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VASCO NUÑEZ DE BALBOA, DISCOVERER OF THE PACIFIC OCEAN.
EXPEDITION OF MORALES AND PIZARRO TO THE
SHORES OF THE PACIFIC OCEAN-THEIR VISIT TO THE PEARL ISLANDS—THEIR DISASTROUS RETURN ACROSS THE MOUNTAINS.
NHE Bishop of Darien, encouraged by the
success of his intercession, endeavored to persuade the Governor to permit the
departure of Vasco Nuñez on his expedition to the South Sea. The jealousy of Pedrarias, however, was too strong to allow him to listen to such counsel. He was aware of the importance of the expedition, and was anxious that the Pearl Islands should be explored, which promised such abundant treasures ; but he feared to increase the popularity of Vasco Nuñez, by adding such an enterprise to the number of his achievements. Pedrarias therefore set on foot an expedition, consisting of sixty men, but gave the command to one of his own relations, named Gaspar Morales. The latter was accompanied by Francisco Pizarro, who had already been to those parts in the train of Vasco Nuñez, and who soon rose to importance in the present enterprise by his fierce courage and domineering genius.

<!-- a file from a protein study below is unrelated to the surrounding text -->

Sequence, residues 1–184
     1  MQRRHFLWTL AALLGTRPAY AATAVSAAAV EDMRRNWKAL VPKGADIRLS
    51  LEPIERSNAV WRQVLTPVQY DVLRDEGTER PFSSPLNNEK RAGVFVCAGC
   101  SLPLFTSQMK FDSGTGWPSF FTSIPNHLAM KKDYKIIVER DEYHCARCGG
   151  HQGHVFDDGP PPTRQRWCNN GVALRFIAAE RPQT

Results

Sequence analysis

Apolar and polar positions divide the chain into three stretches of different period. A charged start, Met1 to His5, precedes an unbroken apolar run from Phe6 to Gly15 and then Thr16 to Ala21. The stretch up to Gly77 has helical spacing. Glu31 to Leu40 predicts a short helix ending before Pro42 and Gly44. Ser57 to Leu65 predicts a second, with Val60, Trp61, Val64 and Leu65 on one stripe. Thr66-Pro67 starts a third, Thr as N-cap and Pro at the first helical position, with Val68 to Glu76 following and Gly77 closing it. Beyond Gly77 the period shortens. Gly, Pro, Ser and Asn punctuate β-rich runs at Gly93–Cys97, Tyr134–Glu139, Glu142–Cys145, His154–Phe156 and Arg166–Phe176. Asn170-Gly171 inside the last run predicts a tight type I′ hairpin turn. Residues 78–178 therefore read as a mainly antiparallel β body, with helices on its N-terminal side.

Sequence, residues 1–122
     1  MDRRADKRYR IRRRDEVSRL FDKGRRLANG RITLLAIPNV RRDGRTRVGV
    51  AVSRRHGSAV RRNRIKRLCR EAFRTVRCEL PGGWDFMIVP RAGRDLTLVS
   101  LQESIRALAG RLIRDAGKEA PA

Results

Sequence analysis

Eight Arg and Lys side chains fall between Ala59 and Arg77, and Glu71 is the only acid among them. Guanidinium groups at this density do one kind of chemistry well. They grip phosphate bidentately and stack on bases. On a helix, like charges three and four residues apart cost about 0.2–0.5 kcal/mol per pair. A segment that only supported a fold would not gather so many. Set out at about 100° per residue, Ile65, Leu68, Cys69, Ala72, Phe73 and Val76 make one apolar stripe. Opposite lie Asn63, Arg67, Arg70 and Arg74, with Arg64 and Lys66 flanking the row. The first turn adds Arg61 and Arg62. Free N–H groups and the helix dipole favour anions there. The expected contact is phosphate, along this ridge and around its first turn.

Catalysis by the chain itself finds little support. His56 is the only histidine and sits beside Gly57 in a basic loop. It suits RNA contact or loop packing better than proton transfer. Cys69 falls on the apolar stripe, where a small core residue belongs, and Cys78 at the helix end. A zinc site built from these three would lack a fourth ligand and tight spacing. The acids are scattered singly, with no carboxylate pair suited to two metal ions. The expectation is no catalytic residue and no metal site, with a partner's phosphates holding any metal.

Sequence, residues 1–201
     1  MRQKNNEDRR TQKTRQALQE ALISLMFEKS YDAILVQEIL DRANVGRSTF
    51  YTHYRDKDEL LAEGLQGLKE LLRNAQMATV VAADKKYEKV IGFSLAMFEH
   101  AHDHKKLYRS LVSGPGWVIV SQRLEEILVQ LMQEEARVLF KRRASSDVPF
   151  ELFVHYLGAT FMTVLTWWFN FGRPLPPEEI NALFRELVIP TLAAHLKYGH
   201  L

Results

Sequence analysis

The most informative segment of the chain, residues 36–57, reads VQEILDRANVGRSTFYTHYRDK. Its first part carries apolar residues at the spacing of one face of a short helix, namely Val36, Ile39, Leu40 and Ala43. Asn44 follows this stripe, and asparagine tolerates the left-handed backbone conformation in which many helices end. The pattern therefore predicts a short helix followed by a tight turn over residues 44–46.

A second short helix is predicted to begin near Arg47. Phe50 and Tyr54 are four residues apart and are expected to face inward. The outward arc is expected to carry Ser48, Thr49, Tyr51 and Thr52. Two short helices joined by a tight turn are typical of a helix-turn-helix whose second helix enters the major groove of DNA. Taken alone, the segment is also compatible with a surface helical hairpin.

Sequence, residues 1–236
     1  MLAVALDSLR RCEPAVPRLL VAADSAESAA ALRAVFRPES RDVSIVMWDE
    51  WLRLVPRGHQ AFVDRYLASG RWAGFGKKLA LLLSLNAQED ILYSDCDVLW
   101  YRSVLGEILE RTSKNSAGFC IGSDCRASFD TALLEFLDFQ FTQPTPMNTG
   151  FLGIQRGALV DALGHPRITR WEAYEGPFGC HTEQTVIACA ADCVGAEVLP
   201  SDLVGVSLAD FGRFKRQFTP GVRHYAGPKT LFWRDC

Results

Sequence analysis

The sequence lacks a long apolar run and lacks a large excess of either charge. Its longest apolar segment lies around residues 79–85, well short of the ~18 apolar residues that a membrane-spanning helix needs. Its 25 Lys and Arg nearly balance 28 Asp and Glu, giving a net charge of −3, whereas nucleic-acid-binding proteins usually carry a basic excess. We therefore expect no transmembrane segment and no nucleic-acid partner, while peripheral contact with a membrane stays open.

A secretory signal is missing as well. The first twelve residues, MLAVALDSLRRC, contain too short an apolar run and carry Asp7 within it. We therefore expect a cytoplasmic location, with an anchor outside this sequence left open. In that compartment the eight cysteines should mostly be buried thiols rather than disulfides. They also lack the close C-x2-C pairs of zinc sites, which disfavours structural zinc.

A brief notice of the principal incidents of this expedition is all that is necessary for the present narration.
Morales and Pizarro traversed the mountains of the isthmus by a shorter and more expeditious route than that which had been taken by Vasco Nuñez, and arrived on the shores of the South Sea at the territories of a cacique named Tutibrà, by whom they were amicably enter
Pearl Islands. The cacique, however, had but four canoes, which were insufficient to contain their whole party. One half of their number, therefore, remained at the village of Tutibrà, under the command of a captain named Peñalosa ; the residue embarked in the canoes with Morales and Pizarro. After a stormy and peril